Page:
Latest from Hemet – cash strapped disaster area now shaking down landlords

16 Aug

Landlords wishing to rent out their properties in Hemet will now be required to register with the city.

The City Council voted 4-1 in favor of the registry program Tuesday, Aug. 13. Shellie Milne, who cast the no vote, said she is in favor of the ordinance, but not the idea that property owners will have to pay for both a business license and to register for the program.

“I certainly don’t want to punish the many, many, many good landlords we have,” Milne said.

The ordinance seeks to address substandard housing, maintenance and living conditions at rental properties that affect residents and neighborhoods, and lower property values, according to a report from Community Development Director Deanna Elliano.

It would hold absentee or poor landlords accountable for their properties and tenants, she added.

The idea came out of the Restoring Our Community Strategy citizens’ advisory committee, the 15th ordinance borne from ROCS, which was started to improve the quality of life in Hemet.

“This is what ROCS is about,” committee member Frank Gorman said.

The ordinance is aimed primarily at apartment complexes and single-family homes or duplexes not occupied by the owner. Most senior mobile home parks are not part of the program.

“It’s a shift from a reactive to proactive code-enforcement program,” Elliano said.

Under the ordinance, a property owner seeking to rent out a residence must first complete a registration form and pay registration and inspection fees.

Properties would be inspected each year to identify substandard or unsafe conditions or lack of maintenance.

In addition, property owners or their managers must complete a Crime-Free Housing seminar.

Registration must be renewed annually unless the property has a “Good Landlord” designation, which allows for renewal every three years. That designation would go to properties that are in compliance with city codes and that do not produce a lot of police activity.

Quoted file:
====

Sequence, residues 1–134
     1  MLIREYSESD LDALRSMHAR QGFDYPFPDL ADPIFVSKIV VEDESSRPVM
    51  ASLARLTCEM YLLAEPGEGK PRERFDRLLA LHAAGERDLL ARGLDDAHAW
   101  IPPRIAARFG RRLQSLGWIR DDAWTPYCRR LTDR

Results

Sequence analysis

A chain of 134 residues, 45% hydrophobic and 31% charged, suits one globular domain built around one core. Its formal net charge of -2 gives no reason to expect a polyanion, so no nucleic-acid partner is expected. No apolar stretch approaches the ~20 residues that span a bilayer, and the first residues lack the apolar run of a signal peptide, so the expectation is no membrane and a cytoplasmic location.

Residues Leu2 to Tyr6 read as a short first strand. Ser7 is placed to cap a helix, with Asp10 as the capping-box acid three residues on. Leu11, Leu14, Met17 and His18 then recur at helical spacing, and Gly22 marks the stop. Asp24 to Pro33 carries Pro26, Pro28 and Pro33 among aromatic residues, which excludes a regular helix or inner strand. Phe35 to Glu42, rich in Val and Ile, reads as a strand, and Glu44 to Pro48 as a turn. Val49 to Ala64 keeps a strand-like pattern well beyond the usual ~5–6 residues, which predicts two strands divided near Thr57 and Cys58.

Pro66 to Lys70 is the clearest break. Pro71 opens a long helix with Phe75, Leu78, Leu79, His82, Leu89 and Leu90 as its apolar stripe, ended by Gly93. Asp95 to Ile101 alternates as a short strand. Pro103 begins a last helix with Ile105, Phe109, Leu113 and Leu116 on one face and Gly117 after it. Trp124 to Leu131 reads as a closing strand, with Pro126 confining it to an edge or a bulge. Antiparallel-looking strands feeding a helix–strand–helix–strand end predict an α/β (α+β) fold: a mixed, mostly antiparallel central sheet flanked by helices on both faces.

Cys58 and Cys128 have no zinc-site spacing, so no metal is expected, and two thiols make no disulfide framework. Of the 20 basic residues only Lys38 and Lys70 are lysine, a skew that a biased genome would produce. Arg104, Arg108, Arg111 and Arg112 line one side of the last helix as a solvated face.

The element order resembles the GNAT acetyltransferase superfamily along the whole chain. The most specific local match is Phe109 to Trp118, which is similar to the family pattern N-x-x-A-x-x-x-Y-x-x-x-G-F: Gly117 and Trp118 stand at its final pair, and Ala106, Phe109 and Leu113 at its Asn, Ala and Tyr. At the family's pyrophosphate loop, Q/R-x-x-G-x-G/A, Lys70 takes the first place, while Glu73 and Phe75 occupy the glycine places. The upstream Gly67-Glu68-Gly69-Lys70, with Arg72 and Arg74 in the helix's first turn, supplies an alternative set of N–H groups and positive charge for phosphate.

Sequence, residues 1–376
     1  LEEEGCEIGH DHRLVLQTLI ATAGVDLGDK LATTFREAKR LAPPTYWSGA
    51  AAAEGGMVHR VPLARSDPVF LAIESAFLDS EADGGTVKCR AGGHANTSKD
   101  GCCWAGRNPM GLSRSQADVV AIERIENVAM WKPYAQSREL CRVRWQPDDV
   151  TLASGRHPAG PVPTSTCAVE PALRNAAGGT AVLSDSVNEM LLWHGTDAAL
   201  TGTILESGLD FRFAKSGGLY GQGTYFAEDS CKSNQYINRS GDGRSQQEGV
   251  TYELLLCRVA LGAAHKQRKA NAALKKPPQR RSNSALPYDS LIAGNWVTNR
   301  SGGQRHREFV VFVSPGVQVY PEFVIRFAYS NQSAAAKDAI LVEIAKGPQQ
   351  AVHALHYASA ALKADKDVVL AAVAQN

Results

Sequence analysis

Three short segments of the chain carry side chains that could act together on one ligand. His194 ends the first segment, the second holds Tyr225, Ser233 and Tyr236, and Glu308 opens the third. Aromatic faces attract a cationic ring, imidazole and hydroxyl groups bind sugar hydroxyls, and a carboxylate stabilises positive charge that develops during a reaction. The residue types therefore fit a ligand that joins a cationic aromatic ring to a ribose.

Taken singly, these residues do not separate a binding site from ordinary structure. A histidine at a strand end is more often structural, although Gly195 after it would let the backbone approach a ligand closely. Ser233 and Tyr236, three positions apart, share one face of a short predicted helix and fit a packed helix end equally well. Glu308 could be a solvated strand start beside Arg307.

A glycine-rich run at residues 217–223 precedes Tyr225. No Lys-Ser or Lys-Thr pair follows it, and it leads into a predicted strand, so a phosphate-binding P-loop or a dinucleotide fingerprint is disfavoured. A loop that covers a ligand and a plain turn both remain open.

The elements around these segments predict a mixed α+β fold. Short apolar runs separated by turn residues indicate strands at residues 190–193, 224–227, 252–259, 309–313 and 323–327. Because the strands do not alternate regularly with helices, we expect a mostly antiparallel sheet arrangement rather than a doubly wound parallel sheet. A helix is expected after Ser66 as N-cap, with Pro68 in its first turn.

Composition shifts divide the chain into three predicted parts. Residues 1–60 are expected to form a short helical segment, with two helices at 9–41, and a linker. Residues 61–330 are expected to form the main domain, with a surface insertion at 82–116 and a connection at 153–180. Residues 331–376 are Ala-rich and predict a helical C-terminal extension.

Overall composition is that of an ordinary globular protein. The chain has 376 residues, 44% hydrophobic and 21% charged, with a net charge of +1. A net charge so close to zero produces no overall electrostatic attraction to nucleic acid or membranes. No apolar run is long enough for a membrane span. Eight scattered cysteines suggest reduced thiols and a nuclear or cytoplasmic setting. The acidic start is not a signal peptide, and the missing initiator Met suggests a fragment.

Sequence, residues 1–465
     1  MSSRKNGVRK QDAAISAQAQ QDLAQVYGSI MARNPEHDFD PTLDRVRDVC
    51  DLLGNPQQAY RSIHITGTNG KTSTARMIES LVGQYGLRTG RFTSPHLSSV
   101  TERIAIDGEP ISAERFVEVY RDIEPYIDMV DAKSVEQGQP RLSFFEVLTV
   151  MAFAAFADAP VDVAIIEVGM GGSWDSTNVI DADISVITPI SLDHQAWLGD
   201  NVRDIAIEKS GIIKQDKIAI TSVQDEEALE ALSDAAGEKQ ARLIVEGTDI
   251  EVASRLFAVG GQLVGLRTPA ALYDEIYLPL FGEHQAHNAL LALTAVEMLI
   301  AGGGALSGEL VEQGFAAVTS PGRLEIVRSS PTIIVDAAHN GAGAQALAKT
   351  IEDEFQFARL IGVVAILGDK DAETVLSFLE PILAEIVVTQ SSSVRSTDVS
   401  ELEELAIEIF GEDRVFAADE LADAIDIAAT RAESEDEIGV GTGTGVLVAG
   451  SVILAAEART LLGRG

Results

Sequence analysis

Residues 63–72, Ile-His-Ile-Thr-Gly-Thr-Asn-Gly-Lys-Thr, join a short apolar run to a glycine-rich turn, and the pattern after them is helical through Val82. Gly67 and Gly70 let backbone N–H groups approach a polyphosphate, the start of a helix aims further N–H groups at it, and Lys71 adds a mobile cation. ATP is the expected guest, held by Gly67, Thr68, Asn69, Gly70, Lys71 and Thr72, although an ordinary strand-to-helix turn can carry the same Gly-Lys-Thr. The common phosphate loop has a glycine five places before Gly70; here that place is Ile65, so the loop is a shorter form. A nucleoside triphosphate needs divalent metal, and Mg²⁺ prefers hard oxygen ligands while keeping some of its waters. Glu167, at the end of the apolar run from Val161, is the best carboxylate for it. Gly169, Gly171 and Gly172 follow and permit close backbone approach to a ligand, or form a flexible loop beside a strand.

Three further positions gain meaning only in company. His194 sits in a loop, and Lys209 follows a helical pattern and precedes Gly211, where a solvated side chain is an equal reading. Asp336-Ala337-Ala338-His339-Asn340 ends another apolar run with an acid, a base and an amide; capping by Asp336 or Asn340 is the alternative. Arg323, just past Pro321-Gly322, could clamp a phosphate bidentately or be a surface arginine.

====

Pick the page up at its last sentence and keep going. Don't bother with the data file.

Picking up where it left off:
“Ideally we’d like to have all the properties in the ‘Good Landlord’ standing,” Elliano said.

The fee will be set at a future council meeting. Elliano said other cities average about $88 for similar programs.

That money would cover the costs of getting the property’s information and for inspections. Additional fees would be charged if inspectors have to return to a property.

The fees are not intended to make a profit, but cover the costs of the program, Elliano said.

Owners of rental properties are supposed to pay $40, plus $1 per unit, for a license to operate in the city. But many don’t Elliano said, and finding those properties, especially single-family homes, could prove difficult.

Elliano said the city could compare names on water bills to tax rolls and also rely on business licenses and title companies.

Refusal to register a property could result in an administrative citation, and continued non-registration could lead to the landlord not being authorized to rent the unit, Elliano said.

The city could potentially place a lien on a property if the owner does not maintain it or correct the sub-standard housing conditions, and the city has to fix the nuisance. Properties that continue to have a history of code violations that go uncorrected could be subject to court action.

The registry will be phased in, with apartment complexes expected to comply by Dec. 31 and single-family homes and duplexes by July 1.

Follow Craig Shultz on Twitter @PE_CraigShultz and online at

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